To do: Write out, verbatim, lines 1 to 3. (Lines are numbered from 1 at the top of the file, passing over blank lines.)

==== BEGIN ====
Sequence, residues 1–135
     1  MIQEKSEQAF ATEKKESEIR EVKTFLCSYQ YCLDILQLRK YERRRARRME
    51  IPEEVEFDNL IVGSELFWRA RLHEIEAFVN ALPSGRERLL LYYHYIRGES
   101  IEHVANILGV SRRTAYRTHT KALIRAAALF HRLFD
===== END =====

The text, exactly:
Sequence, residues 1–135
     1  MIQEKSEQAF ATEKKESEIR EVKTFLCSYQ YCLDILQLRK YERRRARRME
    51  IPEEVEFDNL IVGSELFWRA RLHEIEAFVN ALPSGRERLL LYYHYIRGES